CSUSM's Alliance with Regional School Districts Reaches a Milestone
By David Ogul
A unique Cal State San Marcos initiative to improve college attendance and graduation rates—particularly among youth from underserved communities—reached a major milestone in May when the Lake Elsinore Unified School District became the tenth in the region to sign on with the Alliance to Accelerate Excellence in Education.
The 10 districts from Oceanside east to Valley Center and into Riverside County include almost 200,000 students.
“Signing a tenth district says so much about where we are and where we are headed as a region when it comes to collaborating on educational goals,” said Dr. Patricia Prado-Olmos, CSUSM’s vice president of Community Engagement.
“This alliance gives our students an opportunity to be better prepared for college,” said Alain Guevara, assistant superintendent of Administrative and Educational Support Services at the Lake Elsinore Unified School District. “It puts a laser-like focus on a college education from the time they’re in the seventh grade.”
The agreement with the Lake Elsinore Unified School District is typical in that it not only guarantees admission to CSUSM for those meeting minimum CSU eligibility requirements, but also offers an array of support services to help ensure students succeed. The Memorandum of Understanding, for example, calls for the Lake Elsinore district to provide “clear criteria for identifying and supporting incoming seventh-grade at-risk students,” and “academic support, pre-collegiate programs, and/or AVID program opportunities for middle and high school students.” Some districts also offer scholarships to those who qualify.
The pact calls for CSUSM to provide, among other things, academic advice, guidance and support to promote timely graduation; to assist in placing qualifying students in internships, summer placements, or senior project assignments within local community businesses; and to encourage CSUSM alumni to volunteer as speakers or mentors at district schools. Incoming CSUSM students must have a minimum 3.0 GPA in high school; complete required college preparatory coursework; and take part in an Early Assessment Program that eliminates the need for remedial classes.
“These MOUs are not just about admitting students to CSUSM, they are about building relationships with our K-12 partners so that more and more students are not only able to go to college but are ready for college once they get there,” Dr. Prado-Olmos said.
And it’s working. Students who enroll at CSUSM through the Alliance to Accelerate Excellence in Education—more commonly referred to as the Alliance—have higher GPAs, higher SAT scores, enroll in more units per semester and better reflect the demographics of the region, according to CSUSM data. Of the students enrolling at CSUSM through the Alliance in the fall of 2013, nearly 6 in 10 were the first in their family to pursue a four-year degree.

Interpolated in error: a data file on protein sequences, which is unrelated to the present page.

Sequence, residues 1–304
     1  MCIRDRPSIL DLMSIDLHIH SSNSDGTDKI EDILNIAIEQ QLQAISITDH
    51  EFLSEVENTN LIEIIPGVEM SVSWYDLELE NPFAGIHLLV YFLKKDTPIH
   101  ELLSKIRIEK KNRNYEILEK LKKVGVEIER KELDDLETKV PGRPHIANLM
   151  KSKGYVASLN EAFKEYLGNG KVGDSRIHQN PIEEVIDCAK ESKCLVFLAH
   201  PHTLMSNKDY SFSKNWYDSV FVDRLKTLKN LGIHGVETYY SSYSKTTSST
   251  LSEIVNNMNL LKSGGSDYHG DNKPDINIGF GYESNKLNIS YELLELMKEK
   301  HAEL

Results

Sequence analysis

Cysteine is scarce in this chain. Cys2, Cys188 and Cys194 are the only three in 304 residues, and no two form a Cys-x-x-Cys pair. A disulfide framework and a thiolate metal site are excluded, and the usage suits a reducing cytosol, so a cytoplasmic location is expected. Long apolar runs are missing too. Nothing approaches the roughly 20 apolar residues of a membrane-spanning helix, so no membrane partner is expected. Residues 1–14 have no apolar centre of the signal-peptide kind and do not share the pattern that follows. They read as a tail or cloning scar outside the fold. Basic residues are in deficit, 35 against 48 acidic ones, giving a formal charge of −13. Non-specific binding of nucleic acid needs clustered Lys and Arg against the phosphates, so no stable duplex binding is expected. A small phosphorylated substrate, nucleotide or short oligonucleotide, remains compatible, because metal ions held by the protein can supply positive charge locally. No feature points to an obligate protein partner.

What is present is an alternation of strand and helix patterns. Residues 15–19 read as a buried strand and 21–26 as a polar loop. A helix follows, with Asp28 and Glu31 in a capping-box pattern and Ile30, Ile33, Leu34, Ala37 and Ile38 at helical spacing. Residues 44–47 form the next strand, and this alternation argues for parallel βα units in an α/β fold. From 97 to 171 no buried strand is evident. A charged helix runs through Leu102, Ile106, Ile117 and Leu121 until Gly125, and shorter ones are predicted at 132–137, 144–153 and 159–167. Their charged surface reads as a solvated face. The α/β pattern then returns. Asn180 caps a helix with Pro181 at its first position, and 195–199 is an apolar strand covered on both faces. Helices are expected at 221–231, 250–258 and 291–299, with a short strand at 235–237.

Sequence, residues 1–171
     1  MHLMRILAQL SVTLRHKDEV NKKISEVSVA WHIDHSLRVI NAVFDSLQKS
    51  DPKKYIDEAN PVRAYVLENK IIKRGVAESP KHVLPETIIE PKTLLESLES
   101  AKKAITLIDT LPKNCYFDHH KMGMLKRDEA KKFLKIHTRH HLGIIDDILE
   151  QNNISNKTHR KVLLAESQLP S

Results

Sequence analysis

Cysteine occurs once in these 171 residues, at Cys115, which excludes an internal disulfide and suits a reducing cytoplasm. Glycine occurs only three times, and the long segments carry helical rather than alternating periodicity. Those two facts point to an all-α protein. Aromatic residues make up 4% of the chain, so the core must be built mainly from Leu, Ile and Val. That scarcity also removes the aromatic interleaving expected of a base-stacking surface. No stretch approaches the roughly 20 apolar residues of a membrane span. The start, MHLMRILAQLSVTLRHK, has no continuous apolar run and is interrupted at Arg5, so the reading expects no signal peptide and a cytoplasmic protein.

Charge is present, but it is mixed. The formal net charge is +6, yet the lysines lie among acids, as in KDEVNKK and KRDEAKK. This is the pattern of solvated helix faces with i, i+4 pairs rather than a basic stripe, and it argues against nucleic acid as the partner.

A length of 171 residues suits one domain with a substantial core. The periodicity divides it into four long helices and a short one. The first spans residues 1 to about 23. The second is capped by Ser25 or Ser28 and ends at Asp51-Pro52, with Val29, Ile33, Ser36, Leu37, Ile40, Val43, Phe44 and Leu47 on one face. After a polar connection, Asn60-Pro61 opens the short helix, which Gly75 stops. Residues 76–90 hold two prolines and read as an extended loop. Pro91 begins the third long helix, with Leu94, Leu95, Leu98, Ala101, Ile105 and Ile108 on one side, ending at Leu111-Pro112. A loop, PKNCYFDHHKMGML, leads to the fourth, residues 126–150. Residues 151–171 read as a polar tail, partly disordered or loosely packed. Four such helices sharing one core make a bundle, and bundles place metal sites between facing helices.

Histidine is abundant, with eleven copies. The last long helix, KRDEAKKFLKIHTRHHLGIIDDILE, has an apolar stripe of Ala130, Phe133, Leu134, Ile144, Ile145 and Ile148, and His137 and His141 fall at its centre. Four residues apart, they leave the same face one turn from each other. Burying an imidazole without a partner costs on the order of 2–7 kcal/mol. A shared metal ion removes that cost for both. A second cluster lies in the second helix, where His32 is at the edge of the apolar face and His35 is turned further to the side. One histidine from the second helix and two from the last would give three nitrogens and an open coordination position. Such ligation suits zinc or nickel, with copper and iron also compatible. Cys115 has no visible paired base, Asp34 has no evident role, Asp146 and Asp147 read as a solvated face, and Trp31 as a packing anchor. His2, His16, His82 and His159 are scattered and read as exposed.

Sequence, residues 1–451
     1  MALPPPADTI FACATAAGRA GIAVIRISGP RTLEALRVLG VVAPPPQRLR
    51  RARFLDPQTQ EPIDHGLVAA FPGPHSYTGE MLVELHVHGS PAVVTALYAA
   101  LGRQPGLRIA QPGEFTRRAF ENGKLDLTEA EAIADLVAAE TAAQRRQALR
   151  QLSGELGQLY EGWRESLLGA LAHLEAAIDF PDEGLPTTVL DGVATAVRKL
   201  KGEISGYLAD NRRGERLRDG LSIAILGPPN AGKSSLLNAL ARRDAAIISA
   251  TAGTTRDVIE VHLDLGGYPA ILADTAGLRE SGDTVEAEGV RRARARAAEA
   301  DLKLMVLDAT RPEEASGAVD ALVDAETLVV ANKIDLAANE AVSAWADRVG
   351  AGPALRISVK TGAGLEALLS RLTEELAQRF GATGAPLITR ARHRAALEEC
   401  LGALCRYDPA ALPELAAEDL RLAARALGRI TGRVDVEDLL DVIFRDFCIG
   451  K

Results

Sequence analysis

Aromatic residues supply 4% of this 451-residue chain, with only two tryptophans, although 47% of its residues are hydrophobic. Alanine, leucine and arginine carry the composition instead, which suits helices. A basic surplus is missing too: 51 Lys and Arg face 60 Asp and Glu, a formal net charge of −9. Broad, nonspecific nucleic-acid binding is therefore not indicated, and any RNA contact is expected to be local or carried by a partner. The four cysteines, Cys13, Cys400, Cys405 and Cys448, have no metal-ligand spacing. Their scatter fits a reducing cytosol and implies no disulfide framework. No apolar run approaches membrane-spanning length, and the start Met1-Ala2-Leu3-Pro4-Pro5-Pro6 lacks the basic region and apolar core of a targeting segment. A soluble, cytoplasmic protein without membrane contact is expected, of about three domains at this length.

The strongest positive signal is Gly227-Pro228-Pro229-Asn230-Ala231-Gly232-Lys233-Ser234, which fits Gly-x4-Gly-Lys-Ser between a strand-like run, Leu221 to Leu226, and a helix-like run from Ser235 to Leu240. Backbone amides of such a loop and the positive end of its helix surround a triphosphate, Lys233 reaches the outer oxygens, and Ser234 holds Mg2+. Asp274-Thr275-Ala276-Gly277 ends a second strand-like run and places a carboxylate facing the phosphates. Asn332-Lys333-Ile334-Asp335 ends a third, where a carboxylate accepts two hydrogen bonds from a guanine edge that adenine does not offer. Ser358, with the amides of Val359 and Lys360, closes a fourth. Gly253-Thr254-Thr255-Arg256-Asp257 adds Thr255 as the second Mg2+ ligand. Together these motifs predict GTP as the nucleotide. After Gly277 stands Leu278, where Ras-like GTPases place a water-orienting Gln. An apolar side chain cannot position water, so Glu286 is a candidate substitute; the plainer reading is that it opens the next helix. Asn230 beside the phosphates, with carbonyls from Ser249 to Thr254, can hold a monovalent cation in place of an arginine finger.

The program continues to evolve. A new Family Empowerment Network is being developed to aid parents and gaurdians in supporting student achievement and a successful transition to postsecondary education.
Expanding access to and preparing students for a college education is becoming increasingly vital. The Public Policy Institute of California projects that by 2025, the economy will require 41 percent of workers to have a bachelor’s degree. Complicating matters is that the relatively well-educated baby-boom cohort is now beginning to leave the workforce, and demographic groups that historically have lower rates of college completion are now entering the workforce population.
"The focus of the Alliance is on making sure that every student in the region both has access to a quality higher education and is prepared for that quality higher education,” said Erika Daniels, director for the Alliance to Accelerate Excellence in Education. “We are committed to providing educational avenues for success to everyone, regardless of your background or socioeconomic status.”
Each school district joining the Alliance tailors its programs to meet the needs of its students. Veronica Catalan, 19, enrolled at CSUSM through the Alliance in the fall of 2014 through the Escondido Union High School District’s MAP program.
MAP is an acronym for Maintain (an academic focus) Attend (school daily) and Participate (in school/community activities). Veronica, who has earned an annual $1,500 scholarship through MAP, was required to maintain a 3.0 high school GPA (hers was 3.6), maintain a 98 percent attendance rate, and volunteer at least 100 hours in the community (she did so through her work at a nursing home).
“So many people I know of at Escondido High School meet those requirements,” Veronica said. “This gives them an option that many of them feel they don’t have. It definitely eliminated a lot of the stress for me, and it offered me a great opportunity to go to a good college. I was set on where I wanted to go when I was a sophomore.”
For Veronica and her family, CSUSM has become a family tradition thanks to the district/university partnership. Her three older siblings are all Cal State San Marcos graduates.
“The program is good for our entire community,” Catalan continued. “Students go to a university that’s local, get a great education, and then come back and contribute to their community.”
Guevara agreed. He noted that Lake Elsinore students who enroll at CSUSM would be invited to work as AVID tutors at local schools to help pay their way for college.
“It’s a great way for them to give back to the community and be good role models for our students,” he said.